Later observance of the Tammuz/Adonis rituals was somewhat unique in that they were performed primarily by women, and, while worship may have included celebrations for Tammuz’s return, the mourning of his death was emphasized more. The women’s tears recalled the supposed tears of Ishtar that brought Tammuz back. This is what the women in the gate of the temple were doing in Ezekiel 8. It is easy to see why the Lord referred to this pagan observance as an abomination; a vile fertility god was being honored in the very place the One True God had sanctified for Himself.

Less well-documented legends further muddy the identity of Tammuz. The Sumerian King List mentions two kings named Tammuz. The first is the fifth king before the Flood, a shepherd who reigned for 36,000 years; the second king on the list is a fisherman who reigned for 100 years circa 2700 BC, immediately before Gilgamesh. Other legends say that Tammuz was the son of Nimrod (founder of both Babel and Nineveh, Genesis 10:8–12), but since Nimrod is thought to be Gilgamesh’s alter-ego, it’s impossible to say which was the origin of the legend.

Some critics claim that the legend of Dumuzid/Tammus/Osiris/Adonis served as the inspiration for the “legend” of the death and resurrection of Jesus Christ. The differences are too many to take this claim seriously:

Tammuz/Adonis/Osiris was rescued from the underworld by a faithful lover.
Jesus was raised from the dead by Himself in conjunction with God.
“The reason my Father loves me is that I lay down my life—only to take it up again” (John 10:17)
“God has raised this Jesus to life, and we are all witnesses of it” (Acts 2:32)

Tammuz/Adonis died once a year.
Jesus died only once.
“The death he died, he died to sin once for all; but the life he lives, he lives to God” (Romans 6:10)

Osiris died once forever.
Jesus rose once forever.
“You will not abandon me to the realm of the dead, / nor will you let your faithful one see decay” (Psalm 16:10)

Tammuz/Osiris’s death and rebirth brought life to agriculture.
Jesus’ death and resurrection brings life to our souls.
“For God so loved the world that he gave his one and only Son, that whoever believes in him shall not perish but have eternal life” (John 3:16)

The cult of Tammuz promised rich provision in the form of grain and sheep, but it is only Jesus who gives life and gives it to the full (John 10:10). It is said that Tammuz was a shepherd. But only Christ, the Good Shepherd, willingly laid down His life for His sheep (John 10:11, 18). Whatever modern-day idols we chase in the desire to have plenty, it is only God who can provide what we need (James 1:17).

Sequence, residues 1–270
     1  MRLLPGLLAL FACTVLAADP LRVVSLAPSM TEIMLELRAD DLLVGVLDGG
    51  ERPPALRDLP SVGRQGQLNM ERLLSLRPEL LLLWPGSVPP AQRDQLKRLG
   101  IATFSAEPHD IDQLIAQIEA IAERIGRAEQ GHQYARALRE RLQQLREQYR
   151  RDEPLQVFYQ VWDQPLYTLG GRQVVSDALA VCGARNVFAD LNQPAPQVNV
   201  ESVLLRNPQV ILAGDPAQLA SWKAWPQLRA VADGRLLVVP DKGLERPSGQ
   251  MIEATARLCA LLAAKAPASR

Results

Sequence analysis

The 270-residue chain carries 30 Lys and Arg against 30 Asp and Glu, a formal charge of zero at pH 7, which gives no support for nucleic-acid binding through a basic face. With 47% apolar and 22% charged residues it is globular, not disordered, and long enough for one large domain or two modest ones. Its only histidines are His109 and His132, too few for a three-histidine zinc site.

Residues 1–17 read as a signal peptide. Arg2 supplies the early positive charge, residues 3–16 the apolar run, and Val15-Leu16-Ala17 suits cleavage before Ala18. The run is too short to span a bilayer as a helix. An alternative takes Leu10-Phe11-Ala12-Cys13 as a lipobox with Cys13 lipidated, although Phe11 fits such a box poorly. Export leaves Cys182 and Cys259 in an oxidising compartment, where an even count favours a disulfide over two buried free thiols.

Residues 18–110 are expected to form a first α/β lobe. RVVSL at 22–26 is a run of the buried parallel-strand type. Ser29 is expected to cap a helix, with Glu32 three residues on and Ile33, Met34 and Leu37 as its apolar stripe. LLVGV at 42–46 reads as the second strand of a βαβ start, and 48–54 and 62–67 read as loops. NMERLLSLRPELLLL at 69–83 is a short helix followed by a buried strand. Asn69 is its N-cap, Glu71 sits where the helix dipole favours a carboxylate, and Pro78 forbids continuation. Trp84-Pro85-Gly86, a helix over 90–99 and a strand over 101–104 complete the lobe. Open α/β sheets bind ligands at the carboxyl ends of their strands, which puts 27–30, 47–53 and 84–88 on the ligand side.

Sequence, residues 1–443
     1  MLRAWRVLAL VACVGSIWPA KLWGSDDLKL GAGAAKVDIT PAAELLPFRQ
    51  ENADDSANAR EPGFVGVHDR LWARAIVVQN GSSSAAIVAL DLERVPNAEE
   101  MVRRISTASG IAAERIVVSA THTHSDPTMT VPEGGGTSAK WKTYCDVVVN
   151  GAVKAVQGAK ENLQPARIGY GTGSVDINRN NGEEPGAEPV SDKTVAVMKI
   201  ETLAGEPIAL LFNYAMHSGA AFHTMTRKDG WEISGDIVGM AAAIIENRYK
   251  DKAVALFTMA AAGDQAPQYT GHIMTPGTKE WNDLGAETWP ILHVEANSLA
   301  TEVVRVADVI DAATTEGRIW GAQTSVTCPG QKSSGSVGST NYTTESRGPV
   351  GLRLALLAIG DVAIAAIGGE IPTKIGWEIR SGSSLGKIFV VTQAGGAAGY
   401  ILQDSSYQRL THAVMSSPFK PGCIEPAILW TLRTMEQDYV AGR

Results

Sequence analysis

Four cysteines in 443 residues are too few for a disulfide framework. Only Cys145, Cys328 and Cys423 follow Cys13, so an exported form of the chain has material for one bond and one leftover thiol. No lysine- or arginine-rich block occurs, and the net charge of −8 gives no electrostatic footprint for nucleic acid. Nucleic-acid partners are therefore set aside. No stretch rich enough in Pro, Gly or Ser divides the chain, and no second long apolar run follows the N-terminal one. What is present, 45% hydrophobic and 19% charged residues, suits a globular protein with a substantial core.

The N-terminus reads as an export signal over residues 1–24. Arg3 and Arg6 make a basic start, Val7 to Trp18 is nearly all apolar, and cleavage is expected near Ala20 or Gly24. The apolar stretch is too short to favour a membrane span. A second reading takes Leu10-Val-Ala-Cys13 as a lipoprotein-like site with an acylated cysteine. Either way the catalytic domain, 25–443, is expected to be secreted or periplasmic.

5. Question: "Who is the Artemis mentioned in the Bible?"

Answer: Artemis was a goddess worshiped in the ancient world. The Greeks considered her the twin sister of Apollo and the goddess of hunting and wilderness and the protector of unmarried girls. The Artemis mentioned in the book of Acts was a different deity—a localized goddess of the Ephesians—but she bore the same name (Latinized as “Diana”) as the goddess of Greek mythology. Her temple in Ephesus was considered one of the Seven Wonders of the Ancient World.

The Ephesian Artemis was a “mother earth” deity emphasizing fertility and reproduction. Many of her images have been unearthed; the rows upon rows of breasts, totally covering her upper body, depict the power of Artemis to nourish the world. The many priests employed in the temple performed animal sacrifices, and the many priestesses, in keeping with the fertility theme, engaged in ritual prostitution. All of this made the Artemis temple in Ephesus a popular tourist attraction in the Roman world.

A unique mythology sprang up around the origin of Artemis worship. The account is alluded to by the city clerk of Ephesus: “Doesn’t all the world know that the city of Ephesus is the guardian of the temple of the great Artemis and of her image, which fell from heaven?” (Acts 19:35). A popular item to sell tourists was a small Artemis shrine—a cupped enclosure with a small female figure inside. Worshipers were told they could take this shrine anywhere in the world and worship Artemis in front of her tiny shrine, and it would be just the same as worshiping her at the Ephesian temple.